Spastic gait: This is a sign of upper motor neurone disease. The gait is stiff, one or both legs are kept extended. If unilateral, the leg is swung out to the side to move it forwards (circumduction). If bilateral, the pelvis has to alternately tilt and the gait often becomes scissor-like. The patient can stand on tip-toe, but often not on their heels.
Foot-drop: This is caused by weakness of ankle dor-siflexion, usually a feature of a lower motor neurone disease such as a peripheral neuropathy. The knee is lifted high and as the ankle cannot dorsiflex, the foot tends to slap on the ground. If bilateral, it is called a high-stepping gait.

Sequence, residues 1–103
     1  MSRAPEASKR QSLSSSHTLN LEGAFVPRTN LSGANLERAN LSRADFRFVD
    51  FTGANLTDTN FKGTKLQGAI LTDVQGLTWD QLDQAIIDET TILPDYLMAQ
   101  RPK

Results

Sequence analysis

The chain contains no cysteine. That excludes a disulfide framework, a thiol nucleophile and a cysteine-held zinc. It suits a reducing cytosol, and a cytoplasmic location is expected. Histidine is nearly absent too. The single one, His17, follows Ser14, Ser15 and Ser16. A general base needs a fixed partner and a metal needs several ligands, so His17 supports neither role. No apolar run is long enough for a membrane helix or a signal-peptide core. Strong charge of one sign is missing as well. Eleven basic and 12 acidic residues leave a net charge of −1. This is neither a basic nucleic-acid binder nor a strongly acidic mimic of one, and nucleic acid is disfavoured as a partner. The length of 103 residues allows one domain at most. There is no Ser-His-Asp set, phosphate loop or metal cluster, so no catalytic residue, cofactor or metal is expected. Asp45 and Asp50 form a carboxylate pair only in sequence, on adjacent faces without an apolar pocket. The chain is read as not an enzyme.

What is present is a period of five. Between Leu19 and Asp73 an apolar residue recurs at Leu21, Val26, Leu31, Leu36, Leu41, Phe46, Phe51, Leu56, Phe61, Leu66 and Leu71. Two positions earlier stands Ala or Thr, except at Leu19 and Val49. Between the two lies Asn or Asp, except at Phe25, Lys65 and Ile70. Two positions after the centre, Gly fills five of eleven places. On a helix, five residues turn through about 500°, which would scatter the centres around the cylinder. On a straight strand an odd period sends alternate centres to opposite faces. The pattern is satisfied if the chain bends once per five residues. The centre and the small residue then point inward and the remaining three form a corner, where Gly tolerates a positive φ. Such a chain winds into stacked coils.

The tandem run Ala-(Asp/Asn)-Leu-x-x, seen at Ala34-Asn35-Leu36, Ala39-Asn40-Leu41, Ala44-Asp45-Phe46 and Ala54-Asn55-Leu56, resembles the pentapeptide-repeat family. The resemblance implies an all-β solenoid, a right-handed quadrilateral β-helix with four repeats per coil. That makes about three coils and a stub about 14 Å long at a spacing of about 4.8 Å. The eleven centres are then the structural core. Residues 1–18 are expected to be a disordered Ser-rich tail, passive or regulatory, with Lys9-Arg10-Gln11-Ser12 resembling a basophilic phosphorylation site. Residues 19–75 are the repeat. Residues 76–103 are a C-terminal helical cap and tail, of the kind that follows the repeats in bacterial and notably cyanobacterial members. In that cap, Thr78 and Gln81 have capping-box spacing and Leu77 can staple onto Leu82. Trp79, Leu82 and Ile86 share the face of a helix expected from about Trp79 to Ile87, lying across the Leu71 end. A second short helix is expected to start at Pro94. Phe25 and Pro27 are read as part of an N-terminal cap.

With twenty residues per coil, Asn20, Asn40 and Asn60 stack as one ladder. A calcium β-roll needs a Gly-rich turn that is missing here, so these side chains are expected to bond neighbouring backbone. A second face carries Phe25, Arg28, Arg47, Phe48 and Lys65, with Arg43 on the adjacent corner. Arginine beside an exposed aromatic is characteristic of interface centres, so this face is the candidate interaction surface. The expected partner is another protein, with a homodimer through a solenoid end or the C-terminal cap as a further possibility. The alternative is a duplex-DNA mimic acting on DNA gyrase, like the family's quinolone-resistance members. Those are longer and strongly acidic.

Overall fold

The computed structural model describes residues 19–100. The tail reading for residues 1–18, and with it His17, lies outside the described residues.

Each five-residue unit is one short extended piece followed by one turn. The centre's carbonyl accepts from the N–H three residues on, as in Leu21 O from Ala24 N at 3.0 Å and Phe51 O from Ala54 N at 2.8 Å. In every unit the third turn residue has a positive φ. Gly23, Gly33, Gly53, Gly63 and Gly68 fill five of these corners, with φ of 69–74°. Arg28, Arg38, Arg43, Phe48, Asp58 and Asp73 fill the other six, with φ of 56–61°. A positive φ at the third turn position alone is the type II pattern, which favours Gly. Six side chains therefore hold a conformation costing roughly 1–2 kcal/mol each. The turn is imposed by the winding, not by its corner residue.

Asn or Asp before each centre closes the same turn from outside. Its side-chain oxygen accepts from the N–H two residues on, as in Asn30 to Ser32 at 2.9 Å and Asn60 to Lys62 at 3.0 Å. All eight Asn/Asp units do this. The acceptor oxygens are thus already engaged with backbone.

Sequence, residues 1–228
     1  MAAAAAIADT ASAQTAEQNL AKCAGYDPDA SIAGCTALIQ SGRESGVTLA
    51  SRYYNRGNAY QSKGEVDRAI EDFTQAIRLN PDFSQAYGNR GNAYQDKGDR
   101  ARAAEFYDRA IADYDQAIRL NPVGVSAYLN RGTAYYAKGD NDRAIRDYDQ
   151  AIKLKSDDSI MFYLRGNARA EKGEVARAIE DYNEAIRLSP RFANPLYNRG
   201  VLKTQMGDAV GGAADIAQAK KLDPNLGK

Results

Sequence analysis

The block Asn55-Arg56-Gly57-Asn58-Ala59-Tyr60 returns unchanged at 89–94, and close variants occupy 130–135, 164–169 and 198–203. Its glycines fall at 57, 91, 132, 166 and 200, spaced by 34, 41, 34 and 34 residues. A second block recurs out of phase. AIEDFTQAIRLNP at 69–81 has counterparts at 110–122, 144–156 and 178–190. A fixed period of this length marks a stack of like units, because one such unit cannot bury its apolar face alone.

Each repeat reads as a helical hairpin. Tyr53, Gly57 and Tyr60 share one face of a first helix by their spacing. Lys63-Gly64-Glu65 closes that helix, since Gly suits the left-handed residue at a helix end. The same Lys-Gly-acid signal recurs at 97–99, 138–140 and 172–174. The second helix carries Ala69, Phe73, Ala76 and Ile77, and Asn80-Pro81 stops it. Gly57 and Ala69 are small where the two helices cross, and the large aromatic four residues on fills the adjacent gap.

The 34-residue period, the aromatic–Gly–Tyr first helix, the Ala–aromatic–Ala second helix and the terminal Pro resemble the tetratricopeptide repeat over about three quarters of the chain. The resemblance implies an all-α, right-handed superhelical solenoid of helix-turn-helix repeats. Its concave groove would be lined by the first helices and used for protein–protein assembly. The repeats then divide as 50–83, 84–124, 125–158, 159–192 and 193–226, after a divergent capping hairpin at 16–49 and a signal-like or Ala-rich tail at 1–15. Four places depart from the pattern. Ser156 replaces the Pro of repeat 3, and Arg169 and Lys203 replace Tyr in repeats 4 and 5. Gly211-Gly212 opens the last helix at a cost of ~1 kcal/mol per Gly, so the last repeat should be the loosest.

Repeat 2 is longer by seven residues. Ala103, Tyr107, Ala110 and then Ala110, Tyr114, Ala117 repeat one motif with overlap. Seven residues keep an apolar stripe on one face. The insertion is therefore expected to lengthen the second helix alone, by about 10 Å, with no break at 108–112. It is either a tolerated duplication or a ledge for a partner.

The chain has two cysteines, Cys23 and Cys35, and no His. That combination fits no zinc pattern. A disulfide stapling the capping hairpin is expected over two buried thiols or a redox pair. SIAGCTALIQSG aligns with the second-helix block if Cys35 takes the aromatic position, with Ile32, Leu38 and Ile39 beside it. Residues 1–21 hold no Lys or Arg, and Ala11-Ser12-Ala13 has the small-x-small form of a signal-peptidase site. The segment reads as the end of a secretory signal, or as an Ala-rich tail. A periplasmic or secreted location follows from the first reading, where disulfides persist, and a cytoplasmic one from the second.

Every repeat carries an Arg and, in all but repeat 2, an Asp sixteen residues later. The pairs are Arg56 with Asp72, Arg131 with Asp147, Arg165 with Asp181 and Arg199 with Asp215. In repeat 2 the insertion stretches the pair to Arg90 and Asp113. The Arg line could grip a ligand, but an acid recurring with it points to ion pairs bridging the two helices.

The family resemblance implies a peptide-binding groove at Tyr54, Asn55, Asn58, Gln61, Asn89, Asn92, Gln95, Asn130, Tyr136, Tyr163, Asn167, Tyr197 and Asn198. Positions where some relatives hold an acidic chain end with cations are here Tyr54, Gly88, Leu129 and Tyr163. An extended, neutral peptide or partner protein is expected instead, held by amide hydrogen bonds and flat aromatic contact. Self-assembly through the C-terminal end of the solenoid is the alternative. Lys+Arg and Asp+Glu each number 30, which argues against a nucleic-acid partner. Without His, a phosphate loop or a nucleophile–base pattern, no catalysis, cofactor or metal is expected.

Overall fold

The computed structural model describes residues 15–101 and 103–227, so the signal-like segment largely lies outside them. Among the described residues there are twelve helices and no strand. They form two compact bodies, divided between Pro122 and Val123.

Ataxic: This is the typical gait of a person with cerebellar disease. The gait is broad-based, and there may be a tendency to veer to the side of the lesion in unilateral disease. Even if mildly affected the patient is unable to walk heeltoe in a straight line.
Parkinsonian: There is hesitancy, that is slowness in initiating movement, and turning. The steps are small and shuffling, and the patient tends to be flexed or stooped. ‘Festination’ is the hurrying steps which appear to be the only way the patient can remain upright. In the upper limbs, there is reduced arm swing, and increased tremor may be apparent. In Parkinson’s disease, this pattern tends to be asymmetrical, whereas it is symmetrical in other causes of parkinsonism.
Waddling gait: Proximal muscle weakness such as occurs in myopathies leads to difficulty in rising to an erect position and then the pelvis tends to drop on the side of the lifted leg.
Antalgic gait: Pain around the joints or within the muscles may give rise to abnormalities in gait (the classical limp).